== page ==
17. 17. reduced turnover to as much as $11.5 million the tenth year. The potential savings for a model50-bed hospital is considerably more modest, but not insignificant. Cost savings associated withreduced RN turnover will likely exceed $1.8 million in staffing costs during the first year ofreduced RN turnover and reach approximately $2.8 million in the tenth year out. These figuresare provided in considerably more detail in a companion document entitled “The Model Case ForReducing Patient To Nurse Staffing Ratios In Michigan Hospitals: Two Scenarios.”ConclusionsThe information discussed in this report represents a fairly comprehensive summary of theresearch that has been conducted concerning the relationship of the staffing level of nurses inacute care hospitals to the quality of care provided to patients and the costs of specific aspects ofcare. The overwhelming conclusion of all of this research is that fewer patients per nurse and,where specifically examined, fewer patients per RN engaged in direct patient care, is generallyassociated with higher quality of care. As noted earlier, quality of care is operationally definedin a number of ways, including reduced mortality rates; lower rates of a number of complicationsand adverse events such as hospital-acquired pneumonia, urinary tract infection, and adversedrug events; and reduced patient stay in the hospital.The relationship between reduced patients per nurse and reduced health care costs is not asdirect, but is no less compelling. It is now widely recognized that reducing the size of the direct-care nursing staff in relation to the overall number of patients has been used as a managementtool to reduce overall hospital costs over the past decade. While the financial benefits may beimmediately apparent, over time, it has become evident that having fewer patient-care nurses hasincreased the stress and physical demands placed on nurses involved in direct patient care andthis, in turn, has led to increased levels of nursing staff turnover. Nursing staff turnover alone isan expensive activity for hospitals as the total cost of replacing a medical-surgical RN may be ashigh as $50,000, and the cost of replacing a critical-care nurse may be as high as $65,000. Untilnurses are replaced, temporary or agency nurses need to be hired, and these nurses often cost thehospital at least 10% more than they would be paying full-time employees for comparable work.In addition, higher patient-to-nurse ratios appear to contribute to raising the overall cost of healthcare, even while reducing or eliminating some direct personnel costs. As mentioned earlier,these are the costs associated with treatment for and extended hospital stays associated withvarious adverse events and complications.Overall, the research that has been examined in this report indicates that the financial savingsassociated with higher patient-to-nurse staffing levels are more than offset by the cost of nursingstaff burnout and turnover, threats to the quality of patient care, costs associated with longerpatient hospital stays, and the additional costs and liability of complications and adverse eventsthat may be prevented by fewer patients per nurse.In more succinct terms, the annual cost of reducing the patient-to-RN staffing ratio in Michigan(estimated at $275 million) and the one-time cost to recruit these additional RNs (another $275million), is more than offset by reduced costs associated with lower incidences of hospital-acquired pneumonia ($22.03 million), reduced incidences of various nosocomial infections ($5.8Michigan Nurses Association Page 16 June 2004Business Case Public Policy Associates, Incorporated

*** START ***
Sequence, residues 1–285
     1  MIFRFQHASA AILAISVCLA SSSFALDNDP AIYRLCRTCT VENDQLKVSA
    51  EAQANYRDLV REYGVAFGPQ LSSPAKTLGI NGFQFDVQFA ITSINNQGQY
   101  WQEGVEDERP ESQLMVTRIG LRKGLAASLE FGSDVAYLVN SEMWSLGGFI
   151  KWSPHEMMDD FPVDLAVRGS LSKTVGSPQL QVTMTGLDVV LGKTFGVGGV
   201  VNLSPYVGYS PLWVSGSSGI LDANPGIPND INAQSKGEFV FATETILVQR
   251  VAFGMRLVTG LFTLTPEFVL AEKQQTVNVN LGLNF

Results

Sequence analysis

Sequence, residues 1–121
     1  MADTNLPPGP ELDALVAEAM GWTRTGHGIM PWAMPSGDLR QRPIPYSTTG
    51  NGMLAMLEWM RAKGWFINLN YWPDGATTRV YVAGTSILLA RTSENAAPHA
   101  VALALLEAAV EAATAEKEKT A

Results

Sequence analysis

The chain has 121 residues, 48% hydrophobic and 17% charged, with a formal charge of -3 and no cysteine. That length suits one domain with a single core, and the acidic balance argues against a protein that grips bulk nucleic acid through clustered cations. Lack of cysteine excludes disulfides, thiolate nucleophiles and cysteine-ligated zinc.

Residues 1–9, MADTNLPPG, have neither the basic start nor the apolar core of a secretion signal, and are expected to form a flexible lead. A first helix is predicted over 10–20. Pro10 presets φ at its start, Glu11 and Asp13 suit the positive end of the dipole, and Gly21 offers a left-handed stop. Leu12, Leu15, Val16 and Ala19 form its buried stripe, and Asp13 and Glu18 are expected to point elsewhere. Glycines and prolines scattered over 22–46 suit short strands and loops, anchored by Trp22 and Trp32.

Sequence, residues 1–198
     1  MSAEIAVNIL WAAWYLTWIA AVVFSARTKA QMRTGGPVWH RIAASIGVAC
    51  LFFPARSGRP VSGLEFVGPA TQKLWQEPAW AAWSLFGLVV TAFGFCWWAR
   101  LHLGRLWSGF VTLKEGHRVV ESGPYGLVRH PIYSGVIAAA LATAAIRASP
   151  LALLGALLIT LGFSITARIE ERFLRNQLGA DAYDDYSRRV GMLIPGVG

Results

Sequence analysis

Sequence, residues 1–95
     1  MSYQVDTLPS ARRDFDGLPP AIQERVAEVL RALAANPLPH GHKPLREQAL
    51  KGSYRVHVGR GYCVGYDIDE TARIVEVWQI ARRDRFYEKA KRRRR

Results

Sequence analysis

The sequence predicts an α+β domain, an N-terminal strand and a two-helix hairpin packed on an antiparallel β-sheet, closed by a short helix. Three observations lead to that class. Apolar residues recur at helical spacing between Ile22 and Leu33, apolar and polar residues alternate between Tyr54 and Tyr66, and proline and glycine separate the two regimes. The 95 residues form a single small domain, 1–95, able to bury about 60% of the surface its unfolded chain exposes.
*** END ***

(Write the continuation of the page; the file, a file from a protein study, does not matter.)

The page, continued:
18. 18. million), reduced RN turnover ($100 million), and overall reduced costs per discharge ($992million).Michigan Nurses Association Page 17 June 2004Business Case Public Policy Associates, Incorporated